LA's Koreatown's about to get even more crowded thanks to new development

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By some measures, Koreatown is Los Angeles's most densely-populated neighborhood, with more than 100,000 people squeezed into under three square miles.

Now it’s going to get more packed.

Hundreds of new apartments are coming online in the next few years, as more Angelenos gravitate to the culturally-vibrant, centrally-located neighborhood next to downtown.

Council President Herb Wesson, who represents Koreatown, said the area is particularly suited for a development boom because it’s already known for being one of the L.A.’s most urban areas.

“It’s our little piece of New York,” Wesson said. “It’s our little piece of Manhattan.”

Development in Koreatown is seen by politicians as part of the solution to the city’s severe housing shortage. Mayor Eric Garcetti said the city needs to produce 100,000 new housing units in L.A. by 2021. 

The dozens of developments under construction in Koreatown or in the pipeline are often referred to as transit-oriented development because they provide easy access to metro stops and bus routes.  

But some Koreatown residents worry the new construction will bring gentrification. And they expect the roads to get more congested, pointing out that the new developments come with hundreds of parking spaces. They wonder how much more crowded can their neighborhood get.

“Density doesn’t beget density,” said resident Lisa Fu. “It brings more pollution, more people and we don’t need more of that.”

Fu and others oppose a planned residential high-rise with 270 units down the block from her apartment on Catalina Street, near the RFK complex of community schools in a quieter part of the neighborhood.

The mayor's appointees to the Planning Commission rejected the project as too large for its surroundings, but Garcetti overruled their decision. The City Council gave the project final approval last week.

Locals such as Fu have formed a group called Protect Koreatown to pressure the developer Mike Hakim to provide affordable housing. Under the conditions of council approval, Hakim must either build some below-market rate on the premises or give $3 million to the city’s affordable housing trust.

Hakim, who did not return requests for comment, roused the ire of some neighbors when he told city officials last year that he wanted to return the neighborhood to its heyday decades ago. He said it’s now overrun with gangs and prostitution.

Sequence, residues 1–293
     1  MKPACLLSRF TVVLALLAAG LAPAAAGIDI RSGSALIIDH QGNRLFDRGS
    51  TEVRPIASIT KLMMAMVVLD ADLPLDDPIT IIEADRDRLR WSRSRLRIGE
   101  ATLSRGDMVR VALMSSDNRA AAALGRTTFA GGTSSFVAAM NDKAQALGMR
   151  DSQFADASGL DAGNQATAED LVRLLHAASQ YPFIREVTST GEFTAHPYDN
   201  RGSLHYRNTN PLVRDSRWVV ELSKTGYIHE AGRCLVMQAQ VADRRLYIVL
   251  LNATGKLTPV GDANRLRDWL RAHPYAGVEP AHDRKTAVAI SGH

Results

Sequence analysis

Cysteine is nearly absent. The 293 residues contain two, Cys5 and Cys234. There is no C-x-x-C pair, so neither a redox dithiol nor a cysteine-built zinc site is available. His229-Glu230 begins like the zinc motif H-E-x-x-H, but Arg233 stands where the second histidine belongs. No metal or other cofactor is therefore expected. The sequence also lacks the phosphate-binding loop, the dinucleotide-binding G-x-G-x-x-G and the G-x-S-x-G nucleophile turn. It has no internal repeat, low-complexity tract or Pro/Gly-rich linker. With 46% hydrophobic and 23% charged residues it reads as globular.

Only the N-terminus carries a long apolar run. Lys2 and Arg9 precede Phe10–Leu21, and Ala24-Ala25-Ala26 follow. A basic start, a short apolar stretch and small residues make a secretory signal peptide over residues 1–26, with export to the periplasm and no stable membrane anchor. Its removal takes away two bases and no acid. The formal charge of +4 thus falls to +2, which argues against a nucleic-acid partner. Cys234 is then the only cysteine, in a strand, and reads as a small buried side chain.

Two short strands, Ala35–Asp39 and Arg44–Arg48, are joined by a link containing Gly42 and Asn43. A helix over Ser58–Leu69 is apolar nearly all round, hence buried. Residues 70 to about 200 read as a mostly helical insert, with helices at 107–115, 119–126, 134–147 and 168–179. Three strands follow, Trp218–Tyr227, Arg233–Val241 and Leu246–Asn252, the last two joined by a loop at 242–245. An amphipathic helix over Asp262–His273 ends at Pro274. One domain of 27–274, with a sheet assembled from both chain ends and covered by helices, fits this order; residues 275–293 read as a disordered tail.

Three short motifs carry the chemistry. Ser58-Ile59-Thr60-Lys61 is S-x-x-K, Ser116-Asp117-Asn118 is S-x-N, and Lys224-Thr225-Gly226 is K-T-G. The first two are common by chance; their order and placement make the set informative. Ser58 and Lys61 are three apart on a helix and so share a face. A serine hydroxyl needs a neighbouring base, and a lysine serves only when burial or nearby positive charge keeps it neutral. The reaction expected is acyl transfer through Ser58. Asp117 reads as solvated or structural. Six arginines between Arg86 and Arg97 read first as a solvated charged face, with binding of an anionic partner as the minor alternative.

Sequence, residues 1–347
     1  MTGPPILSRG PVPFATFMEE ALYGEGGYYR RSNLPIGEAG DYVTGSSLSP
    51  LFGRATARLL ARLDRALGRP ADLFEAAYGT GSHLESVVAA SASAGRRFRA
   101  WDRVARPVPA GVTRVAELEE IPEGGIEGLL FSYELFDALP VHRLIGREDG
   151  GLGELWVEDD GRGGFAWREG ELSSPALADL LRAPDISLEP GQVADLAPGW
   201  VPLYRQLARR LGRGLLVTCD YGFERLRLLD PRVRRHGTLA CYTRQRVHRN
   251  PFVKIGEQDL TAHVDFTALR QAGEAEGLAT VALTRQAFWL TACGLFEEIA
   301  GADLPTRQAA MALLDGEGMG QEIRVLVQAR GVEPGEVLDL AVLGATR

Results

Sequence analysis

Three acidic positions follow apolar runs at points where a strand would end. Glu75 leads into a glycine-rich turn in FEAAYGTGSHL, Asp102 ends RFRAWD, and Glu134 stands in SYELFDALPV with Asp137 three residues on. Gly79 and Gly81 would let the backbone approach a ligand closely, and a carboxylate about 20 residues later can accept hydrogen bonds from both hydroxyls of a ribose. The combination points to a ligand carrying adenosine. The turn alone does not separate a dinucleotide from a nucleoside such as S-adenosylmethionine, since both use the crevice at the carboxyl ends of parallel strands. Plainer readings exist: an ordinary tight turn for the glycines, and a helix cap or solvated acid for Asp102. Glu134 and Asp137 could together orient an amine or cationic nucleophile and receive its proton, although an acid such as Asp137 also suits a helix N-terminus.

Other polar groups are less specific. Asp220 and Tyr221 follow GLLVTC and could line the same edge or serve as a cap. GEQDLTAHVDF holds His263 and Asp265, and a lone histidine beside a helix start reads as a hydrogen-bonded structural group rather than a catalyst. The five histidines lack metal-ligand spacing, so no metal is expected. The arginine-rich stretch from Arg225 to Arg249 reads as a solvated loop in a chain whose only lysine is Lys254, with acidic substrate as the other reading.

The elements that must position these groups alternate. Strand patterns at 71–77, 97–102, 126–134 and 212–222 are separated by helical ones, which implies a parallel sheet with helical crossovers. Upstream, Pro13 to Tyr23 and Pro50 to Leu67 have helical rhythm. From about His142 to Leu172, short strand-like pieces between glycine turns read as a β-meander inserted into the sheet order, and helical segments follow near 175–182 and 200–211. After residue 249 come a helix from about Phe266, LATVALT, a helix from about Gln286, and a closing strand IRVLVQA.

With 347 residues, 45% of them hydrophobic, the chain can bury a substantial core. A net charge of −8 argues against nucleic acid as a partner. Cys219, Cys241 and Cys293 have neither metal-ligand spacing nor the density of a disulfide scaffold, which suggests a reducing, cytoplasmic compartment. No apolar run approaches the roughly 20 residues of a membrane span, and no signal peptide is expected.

But for the most part, developers do not face the force of opposition in Koreatown like they do in other parts of the city like Hollywood where “Manhattan” can be a dirty word. In Hollywood, neighborhood activists upset about large developments there put up billboards that read “Stop Manhattanwood,” and are pushing a ballot measure that would impose a two-year moratorium on large developments in the city.

But the working poor of Koreatown are among those who stand to lose the most from large, market-rate developments, said Alexandra Suh, who heads the Koreatown Immigrant Workers Alliance. She worried about residents getting priced out: 90 percent of residents are renters, and the majority are low-wage workers from Latin America employed by restaurants, caterers, trucking companies and garment makers.

Suh said she’s not against new development but thinks too much of it is for the well-heeled newcomers she sees walking around with their dogs.

“I genuinely believe that Koreatown is a welcoming place where everyone, even hipster dogwalkers can find a home, we just don’t want to skew our neighborhood to cater only to that population,” Suh said.

She said she gets a pang in her heart when she sees the new development going up in a spot diagonal from the Wilshire Boulevard Temple, next to the four-story golf driving range.

Suh and others had once hoped the two-acre parking lot could be turned into a park. Instead it is being built into a development with 8,000 square feet of commercial space and nearly 350 market-rate units. There will be space for nearly 580 cars.

Suh said at least the project by developer CityView — which will be five-stories high — fits in with the tall buildings that line Wilshire Boulevard.

Investors are putting more than $100 million into the project, said CityView president Sean Burton. He said he’s confident the building will have no trouble drawing young professionals who want to live near mass transit, jobs, as well as “great restaurants and things to do at night.”

“Koreatown is right in the heart of that,” Burton said. “We want to attract the millennial renter who wants to be near all the action.” 

The “Pearl on Wilshire” building will feature Korean BBQ grills, a rooftop pool, a putting green and dog wash.

When it opens in 2018, management plans to charge market rates.

The project has the support of groups like the Korean American Chamber of Commerce and council president Wesson.

Wesson says Koreatown needs housing units at all cost levels. As with other parts of the city the building of market-rate housing is outpacing below market-rate. In the last decade, roughly 2,700 new market-rate units have been created compared to about 550 “affordable” and senior housing units, according to Wesson’s office.

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